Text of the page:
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Alabama-Japan relationship celebrated as robust bonds strengthen

Alabama workforce development guru Ed Castile and six growing companies were recognized at a ceremony that showcased the strong economic and cultural ties between Alabama and Japan.

The Japan-America Society of Alabama (JASA) dinner at the Westin Huntsville brought together leaders from government, economic development, education and culture in support of advancing the Alabama-Japan relationship.

“With over 80 Japanese companies now doing business in Alabama, it is important that we continually address the issues that are important to those companies, as well as their employees and families,” said Brian Hilson, JASA’s executive director.

“The incredible economic growth that Huntsville and north Alabama are experiencing, led in part by the Japanese automotive industry, makes Huntsville the perfect setting for our celebration dinner and business forum this week,” he said.

Ed Castile is director of AIDT and deputy secretary of the Alabama Department of Commerce. (Jamie Martin / Governor’s Office)

JASA representatives presented Castile, director of AIDT and deputy secretary of the Alabama Department of Commerce, with JASA’s highest honor, the Samuel Ullman Award. At AIDT, Castile has helped Japanese companies assemble and train their workforces, paving the way for business success.

“Alabama and Japan have enjoyed a long-standing friendship built on strong personal relationships that advance our common goals,” Gov. Kay Ivey said. “Ed Castile is one of the people that made major contributions to this special relationship, and I’m happy to see him receive the Samuel Ullman Award.

“Ed has worked hard to strengthen the economic and personal bonds that tie us together, so this honor is richly deserved,” Ivey added.

Castile said working with Japanese companies in Alabama has been rewarding.

“I am very honored to even be considered for this award and am certainly humbled by it. We have some of the best companies in the world in Alabama, many of which are Japanese. Our Japanese companies, our partners and friends are among the elite,” Castile said.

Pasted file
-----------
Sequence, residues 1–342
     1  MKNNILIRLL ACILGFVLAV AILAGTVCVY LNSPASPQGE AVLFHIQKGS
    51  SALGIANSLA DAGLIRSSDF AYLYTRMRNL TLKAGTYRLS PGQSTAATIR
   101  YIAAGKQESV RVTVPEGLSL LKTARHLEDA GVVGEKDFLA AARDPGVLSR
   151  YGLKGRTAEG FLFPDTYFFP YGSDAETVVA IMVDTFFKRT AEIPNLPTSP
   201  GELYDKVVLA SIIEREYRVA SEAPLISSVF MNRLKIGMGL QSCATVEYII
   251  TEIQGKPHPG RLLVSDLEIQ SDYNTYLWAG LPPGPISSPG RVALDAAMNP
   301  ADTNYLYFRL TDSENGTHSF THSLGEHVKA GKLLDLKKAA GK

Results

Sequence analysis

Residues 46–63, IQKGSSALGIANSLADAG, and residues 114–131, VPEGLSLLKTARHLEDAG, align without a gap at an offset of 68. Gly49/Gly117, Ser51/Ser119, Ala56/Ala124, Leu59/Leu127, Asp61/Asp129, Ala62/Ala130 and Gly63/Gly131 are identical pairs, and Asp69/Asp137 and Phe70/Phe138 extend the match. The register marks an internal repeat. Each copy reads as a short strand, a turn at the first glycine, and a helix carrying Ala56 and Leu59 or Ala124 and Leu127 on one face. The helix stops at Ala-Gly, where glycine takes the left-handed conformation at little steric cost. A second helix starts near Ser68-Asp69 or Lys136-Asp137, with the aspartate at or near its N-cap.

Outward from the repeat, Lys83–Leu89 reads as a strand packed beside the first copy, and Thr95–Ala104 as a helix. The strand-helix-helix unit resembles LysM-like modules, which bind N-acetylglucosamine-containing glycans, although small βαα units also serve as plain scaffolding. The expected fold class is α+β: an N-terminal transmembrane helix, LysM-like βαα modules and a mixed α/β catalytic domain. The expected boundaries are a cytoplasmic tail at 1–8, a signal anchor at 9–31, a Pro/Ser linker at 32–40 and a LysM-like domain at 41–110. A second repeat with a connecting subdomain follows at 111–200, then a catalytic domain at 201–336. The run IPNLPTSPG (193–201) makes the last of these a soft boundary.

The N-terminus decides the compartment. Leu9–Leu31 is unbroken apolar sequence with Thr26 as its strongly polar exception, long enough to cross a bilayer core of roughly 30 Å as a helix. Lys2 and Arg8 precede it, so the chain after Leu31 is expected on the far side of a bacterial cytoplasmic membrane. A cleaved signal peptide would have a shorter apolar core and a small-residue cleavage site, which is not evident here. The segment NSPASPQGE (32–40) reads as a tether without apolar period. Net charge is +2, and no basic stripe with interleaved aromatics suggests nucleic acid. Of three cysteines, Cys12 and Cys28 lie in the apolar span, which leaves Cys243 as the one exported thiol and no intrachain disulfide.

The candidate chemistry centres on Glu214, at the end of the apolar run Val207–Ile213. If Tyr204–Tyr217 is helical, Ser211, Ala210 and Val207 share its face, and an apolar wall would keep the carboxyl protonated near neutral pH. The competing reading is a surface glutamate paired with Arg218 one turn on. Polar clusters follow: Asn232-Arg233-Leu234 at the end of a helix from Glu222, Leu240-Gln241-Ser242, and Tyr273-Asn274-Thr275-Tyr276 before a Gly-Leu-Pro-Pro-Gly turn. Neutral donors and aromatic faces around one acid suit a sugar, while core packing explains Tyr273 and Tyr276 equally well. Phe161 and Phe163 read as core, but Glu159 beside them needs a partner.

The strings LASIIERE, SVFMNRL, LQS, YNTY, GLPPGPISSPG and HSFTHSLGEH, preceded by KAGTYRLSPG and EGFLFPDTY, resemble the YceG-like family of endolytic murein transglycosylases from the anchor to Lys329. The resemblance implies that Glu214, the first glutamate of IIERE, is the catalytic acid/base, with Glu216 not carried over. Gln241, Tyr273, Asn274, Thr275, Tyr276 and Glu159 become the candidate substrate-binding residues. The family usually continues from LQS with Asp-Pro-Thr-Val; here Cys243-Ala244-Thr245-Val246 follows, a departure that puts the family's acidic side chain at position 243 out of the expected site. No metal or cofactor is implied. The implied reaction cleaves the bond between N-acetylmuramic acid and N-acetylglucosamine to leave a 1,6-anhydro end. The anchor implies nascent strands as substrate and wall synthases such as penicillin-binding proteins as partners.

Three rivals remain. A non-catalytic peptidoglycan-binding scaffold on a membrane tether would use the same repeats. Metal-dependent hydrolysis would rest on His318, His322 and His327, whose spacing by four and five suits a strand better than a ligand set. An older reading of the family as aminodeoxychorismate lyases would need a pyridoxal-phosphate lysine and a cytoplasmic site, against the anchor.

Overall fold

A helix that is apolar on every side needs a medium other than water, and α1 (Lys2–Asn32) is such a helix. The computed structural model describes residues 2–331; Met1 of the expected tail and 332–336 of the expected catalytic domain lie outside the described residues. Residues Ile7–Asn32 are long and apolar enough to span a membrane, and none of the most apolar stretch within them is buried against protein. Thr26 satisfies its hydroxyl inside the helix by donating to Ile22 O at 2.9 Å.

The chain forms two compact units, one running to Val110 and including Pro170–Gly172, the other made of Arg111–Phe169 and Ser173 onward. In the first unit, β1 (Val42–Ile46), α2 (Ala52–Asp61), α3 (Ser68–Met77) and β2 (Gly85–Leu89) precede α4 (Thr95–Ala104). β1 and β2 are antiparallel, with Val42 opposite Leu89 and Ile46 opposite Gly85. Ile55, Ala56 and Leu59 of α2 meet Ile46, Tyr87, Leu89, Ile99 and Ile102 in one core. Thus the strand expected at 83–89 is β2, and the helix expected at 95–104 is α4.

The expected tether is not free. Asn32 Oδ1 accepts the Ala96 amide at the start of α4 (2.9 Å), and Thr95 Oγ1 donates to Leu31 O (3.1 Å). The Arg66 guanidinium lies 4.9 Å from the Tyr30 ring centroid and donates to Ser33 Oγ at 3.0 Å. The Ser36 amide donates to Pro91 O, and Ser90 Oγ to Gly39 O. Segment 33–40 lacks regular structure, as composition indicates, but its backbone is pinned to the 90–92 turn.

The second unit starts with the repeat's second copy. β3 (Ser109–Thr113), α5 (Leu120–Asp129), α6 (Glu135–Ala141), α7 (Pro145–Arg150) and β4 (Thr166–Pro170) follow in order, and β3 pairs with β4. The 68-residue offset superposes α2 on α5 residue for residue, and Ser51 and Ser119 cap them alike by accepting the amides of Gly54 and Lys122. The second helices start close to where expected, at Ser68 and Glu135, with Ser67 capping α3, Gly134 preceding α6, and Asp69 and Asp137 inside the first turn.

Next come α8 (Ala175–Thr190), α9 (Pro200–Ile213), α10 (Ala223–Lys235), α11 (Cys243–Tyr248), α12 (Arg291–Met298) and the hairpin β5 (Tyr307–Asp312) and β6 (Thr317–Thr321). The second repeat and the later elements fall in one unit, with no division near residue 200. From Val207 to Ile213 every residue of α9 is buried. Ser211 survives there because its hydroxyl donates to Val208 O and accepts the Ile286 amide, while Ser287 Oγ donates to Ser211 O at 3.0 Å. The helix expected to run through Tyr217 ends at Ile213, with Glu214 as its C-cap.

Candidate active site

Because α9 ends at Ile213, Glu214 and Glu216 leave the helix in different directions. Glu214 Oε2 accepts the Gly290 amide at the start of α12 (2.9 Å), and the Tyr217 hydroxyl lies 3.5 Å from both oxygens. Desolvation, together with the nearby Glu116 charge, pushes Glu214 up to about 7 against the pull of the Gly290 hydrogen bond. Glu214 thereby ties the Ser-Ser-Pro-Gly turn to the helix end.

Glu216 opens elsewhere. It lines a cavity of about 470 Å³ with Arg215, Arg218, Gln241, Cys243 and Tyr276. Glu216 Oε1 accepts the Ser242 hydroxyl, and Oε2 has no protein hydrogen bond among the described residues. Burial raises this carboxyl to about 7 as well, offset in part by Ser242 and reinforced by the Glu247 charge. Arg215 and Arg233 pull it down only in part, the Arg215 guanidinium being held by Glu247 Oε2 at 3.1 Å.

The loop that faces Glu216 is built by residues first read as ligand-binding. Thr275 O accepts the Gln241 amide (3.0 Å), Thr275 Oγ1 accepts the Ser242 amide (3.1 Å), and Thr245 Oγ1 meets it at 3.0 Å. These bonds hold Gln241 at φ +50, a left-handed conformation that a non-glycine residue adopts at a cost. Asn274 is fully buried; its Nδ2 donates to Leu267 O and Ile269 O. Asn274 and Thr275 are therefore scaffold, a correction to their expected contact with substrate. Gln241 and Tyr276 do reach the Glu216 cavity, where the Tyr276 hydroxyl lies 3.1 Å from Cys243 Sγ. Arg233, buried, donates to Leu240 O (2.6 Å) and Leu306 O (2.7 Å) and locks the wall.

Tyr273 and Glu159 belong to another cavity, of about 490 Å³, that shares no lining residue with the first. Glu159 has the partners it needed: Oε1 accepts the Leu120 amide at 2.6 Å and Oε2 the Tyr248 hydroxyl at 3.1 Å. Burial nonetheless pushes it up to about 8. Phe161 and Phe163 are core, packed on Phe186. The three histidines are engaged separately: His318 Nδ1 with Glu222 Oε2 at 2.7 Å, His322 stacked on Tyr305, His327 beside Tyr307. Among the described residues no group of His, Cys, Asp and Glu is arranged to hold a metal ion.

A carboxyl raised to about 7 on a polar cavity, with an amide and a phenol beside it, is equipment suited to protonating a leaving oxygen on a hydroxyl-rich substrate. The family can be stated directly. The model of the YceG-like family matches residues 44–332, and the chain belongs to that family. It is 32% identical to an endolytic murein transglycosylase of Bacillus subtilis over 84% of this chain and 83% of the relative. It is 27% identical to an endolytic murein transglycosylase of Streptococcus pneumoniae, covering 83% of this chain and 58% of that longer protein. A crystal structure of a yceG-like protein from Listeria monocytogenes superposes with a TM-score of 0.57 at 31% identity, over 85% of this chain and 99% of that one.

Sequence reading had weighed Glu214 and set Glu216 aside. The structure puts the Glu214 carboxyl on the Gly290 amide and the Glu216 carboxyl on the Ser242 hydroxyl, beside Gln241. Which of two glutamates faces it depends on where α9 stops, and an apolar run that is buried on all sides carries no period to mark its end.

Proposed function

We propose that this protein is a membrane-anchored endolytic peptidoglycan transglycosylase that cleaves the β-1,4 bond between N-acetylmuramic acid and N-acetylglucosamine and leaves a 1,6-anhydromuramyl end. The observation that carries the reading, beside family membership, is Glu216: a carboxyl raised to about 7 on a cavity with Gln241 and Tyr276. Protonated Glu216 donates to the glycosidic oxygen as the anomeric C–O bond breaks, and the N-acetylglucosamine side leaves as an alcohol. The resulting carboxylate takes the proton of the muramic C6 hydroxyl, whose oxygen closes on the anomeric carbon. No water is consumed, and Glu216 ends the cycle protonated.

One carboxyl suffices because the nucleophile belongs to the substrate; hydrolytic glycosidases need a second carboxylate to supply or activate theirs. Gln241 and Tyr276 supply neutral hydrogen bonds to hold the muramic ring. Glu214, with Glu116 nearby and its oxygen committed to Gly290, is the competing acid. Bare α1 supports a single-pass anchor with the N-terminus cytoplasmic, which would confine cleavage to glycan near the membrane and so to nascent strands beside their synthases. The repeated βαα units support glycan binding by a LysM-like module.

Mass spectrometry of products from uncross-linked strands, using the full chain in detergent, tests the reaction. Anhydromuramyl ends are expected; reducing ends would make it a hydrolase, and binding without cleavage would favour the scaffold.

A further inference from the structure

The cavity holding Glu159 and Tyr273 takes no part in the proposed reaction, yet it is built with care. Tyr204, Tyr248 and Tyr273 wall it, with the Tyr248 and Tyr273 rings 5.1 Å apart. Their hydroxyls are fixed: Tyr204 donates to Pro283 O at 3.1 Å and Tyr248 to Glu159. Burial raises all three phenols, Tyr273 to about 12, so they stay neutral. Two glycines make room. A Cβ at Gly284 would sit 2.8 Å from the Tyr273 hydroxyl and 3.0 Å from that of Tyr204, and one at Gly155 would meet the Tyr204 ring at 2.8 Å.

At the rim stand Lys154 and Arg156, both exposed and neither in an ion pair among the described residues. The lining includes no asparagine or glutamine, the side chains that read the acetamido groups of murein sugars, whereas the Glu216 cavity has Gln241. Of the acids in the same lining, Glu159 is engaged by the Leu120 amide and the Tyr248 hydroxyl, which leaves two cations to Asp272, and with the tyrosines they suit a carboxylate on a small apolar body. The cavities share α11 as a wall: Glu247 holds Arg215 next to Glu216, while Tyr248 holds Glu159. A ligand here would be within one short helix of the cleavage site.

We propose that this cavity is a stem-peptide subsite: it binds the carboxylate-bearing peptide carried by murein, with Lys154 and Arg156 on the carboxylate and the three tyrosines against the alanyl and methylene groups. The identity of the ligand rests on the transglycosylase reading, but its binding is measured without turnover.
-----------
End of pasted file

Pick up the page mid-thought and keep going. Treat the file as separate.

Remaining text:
“The Japanese are brilliant engineers and technicians with vision. But the attribute that stands out to me is their consistent honor and respect for others. They are the very definition of professionalism,” he said.

The award is named for Birmingham’s Samuel Ullman, who wrote a poem called “Youth” that become popular in Japan after World War II.

Gov. Kay Ivey was among the speakers at the Japan-America Society of Alabama dinner in Huntsville. (Hal Yeager / Governor’s Office)

Growing presence

The JASA dinner cast a spotlight on the significant presence that Japanese companies have in Alabama, with operations in industries including chemicals, steel, advanced materials and nutritional supplements, in addition to a heavy concentration in automotive manufacturing.

Japanese companies have invested more than $6 billion in Alabama since 2010, according to Commerce Department data.

Throughout many decades, Japanese companies have become major employers in large cities, including Huntsville and Birmingham but also in smaller communities such as Jasper, Cullman, Steele, Scottsboro and Albertville.

In addition, Japan is a top trade partner for the state, with two-way trade totaling about $2 billion a year. Top Alabama exports include transportation equipment, chemicals, paper and minerals, according to Commerce Department data.

Showa Group, which produces nitrile gloves in Fayette, was one of six growing companies recognized last week by the Japan-America Society of Alabama. (Showa)

During the dinner, six Japanese companies were recognized for launching new growth plans in the state:

Hilson said these six expansions are bringing 257 new jobs and $158 million in capital investment to Alabama.

“Alabama’s robust relationship with Japan has translated into growth and opportunity for local communities all across the state,” said Greg Canfield, secretary of the Alabama Department of Commerce. “It’s a special relationship that transcends business and will endure – and grow – for many decades to come.”

The JASA dinner featured a speech by Peter Kelly, president of the National Association of Japan-America Societies.

The event was followed by a forum that featured Mark Brazeal, vice president of Mazda Toyota Manufacturing, speaking about how the future is unfolding for the $2.3 billion auto assembly plant in Huntsville.

This story originally appeared on the Alabama Department of Commerce’s Made in Alabama website.